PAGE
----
Wednesday marked the final full day of picketing for 15,000 Minnesota nurses during their historic strike.
Check updates from Wednesday below. Tuesday's updates
Nurses strike ends without agreement on raises, staffing
After three days on the picket line, some nurses are back in Minnesota hospitals Wednesday night, while others will return to work Thursday morning.
The nurses union and hospital management still don't agree on pay raises and staffing, so both sides will need to return to the bargaining table.
Allina Health released this statement Thursday evening:
We are grateful to our care teams for their extraordinary effort this week and their dedication every day to providing safe, high-quality care to the communities we serve.
Striking MNA nurses will return to work at United Hospital in St. Paul this evening at 6:30 p.m. and tomorrow morning at 7:00 a.m. at our Abbott Northwestern Hospital and Mercy Hospital campuses in Coon Rapids and Fridley.
Now, we look forward to returning to the bargaining table. We are scheduling a bargaining session next week to continue working with the Minnesota Nurses Association on a contract agreement that recognizes both the contributions of our nurses and our commitment to our patients, and communities.
The Twin Cities Hospital Group said "our care teams will welcome back nurses as needed to meet the needs of our patients."
Like Allina Health, the Twin Cities Hospital Group says negotiations teams will return to talks next week.
Hopes dim for any chance of new negotiations
Negotiators say they've not only moved no closer to closer to a resolution, they haven't met with hospitals to negotiate at all.
Union leaders say they're hopeful to meet once workers go back into the hospitals tomorrow, but say what could happen if demands aren't met is still not certain.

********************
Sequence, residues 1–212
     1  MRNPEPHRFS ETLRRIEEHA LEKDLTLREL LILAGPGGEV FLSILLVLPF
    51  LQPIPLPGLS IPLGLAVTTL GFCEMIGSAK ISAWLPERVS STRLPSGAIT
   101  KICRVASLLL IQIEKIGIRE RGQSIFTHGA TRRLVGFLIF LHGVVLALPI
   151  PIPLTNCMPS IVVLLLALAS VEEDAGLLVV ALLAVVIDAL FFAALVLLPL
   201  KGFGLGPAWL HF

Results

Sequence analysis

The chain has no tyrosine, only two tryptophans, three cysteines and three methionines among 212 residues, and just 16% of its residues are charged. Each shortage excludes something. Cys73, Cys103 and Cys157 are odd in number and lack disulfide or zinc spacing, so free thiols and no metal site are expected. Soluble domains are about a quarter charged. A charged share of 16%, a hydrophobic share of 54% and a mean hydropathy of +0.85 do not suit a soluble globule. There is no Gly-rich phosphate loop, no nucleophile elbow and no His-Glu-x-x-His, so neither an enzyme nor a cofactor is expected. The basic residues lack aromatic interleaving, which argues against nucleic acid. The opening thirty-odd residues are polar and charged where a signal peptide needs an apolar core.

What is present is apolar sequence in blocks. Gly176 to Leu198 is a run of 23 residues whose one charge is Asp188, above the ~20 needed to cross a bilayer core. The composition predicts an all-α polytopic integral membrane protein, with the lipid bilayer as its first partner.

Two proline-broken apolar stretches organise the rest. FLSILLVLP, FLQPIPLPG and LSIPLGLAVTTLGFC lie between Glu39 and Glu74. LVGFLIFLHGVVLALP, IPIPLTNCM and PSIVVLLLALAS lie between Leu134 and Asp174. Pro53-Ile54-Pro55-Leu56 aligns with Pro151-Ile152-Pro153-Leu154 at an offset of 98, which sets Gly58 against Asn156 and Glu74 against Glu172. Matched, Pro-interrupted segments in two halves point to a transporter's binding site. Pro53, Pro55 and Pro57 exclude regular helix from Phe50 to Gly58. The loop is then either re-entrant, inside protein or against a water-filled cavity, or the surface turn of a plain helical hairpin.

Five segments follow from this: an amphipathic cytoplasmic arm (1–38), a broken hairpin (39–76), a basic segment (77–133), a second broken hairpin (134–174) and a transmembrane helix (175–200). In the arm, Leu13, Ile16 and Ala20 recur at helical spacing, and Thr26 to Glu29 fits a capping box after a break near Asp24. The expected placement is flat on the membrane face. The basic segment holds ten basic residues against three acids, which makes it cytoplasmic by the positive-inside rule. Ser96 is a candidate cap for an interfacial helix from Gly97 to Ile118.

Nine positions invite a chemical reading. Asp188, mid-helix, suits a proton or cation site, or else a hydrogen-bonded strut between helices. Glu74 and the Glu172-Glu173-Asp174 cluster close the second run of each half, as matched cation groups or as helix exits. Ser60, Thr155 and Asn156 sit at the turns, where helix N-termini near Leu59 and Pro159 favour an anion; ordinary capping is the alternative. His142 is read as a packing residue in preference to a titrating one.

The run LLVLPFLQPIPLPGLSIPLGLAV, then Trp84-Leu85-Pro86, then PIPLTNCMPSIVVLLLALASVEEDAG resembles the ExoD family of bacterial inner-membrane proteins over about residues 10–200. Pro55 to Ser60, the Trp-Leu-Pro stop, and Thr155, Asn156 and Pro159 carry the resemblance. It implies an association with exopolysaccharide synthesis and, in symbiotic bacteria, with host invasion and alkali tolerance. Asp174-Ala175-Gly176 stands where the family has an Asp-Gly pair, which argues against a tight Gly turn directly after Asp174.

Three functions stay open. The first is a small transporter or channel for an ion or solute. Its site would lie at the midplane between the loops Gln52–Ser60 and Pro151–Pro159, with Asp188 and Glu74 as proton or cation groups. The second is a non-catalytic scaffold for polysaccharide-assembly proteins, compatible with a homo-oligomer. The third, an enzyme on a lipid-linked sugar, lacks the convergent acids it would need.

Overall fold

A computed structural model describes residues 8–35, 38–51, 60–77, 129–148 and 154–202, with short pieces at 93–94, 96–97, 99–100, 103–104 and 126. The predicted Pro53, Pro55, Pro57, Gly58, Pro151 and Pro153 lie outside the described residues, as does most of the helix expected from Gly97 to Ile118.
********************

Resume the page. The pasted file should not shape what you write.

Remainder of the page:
At M Health Fairview in Edina, the Minnesota Nurses Association says their main concerns are still staffing, safety, and pay.
Ericka Helling has worked as a registered nurse for nearly 25 years and is on the negotiating team at M Health Fairview.
"I want to believe and I want to hope that our employers understand, and that the employers are about the patients. They say they are all the time, so do it," Helling said.
Striking nurses are asking for a 30% wage increase over the course of the next three years. Hospitals are reportedly willing to offer slightly less than half of that.
Nurses like Helling are also seeking more control over staffing.
"It isn't a black and white formula for us. We consistently look at it every hour of every day," Helling said.
M Health Fairview COO Laura Reed says staffing decisions are incredibly complex and can change by the minute.
"What qualifications does that nurse have? What experience does that nurse have? The team that's working with me on that particular shift, what do they need so that they can be successful?" she asked.
And while nurses are set to return to work tomorrow, without a deal they're stressing they're not done yet.
"Are all of you willing to go back to the conditions that you've been in? No! Then we don't have any alternative but to go into round two of this war," MNA president Mary Turner said to the crowd of striking nurses.
Representatives from Allina Health and St. Luke's say they remain committed to moving forward and finalizing a fair contract.
Negotiator optimistic, but also disheartened as strike end nears
As nurses head into the third and final day of this strike, a negotiator says she's both optimistic and disheartened that there's been seemingly zero movement between the hospitals and the nurses union since this strike started Monday.
A look at striking nurses in Edina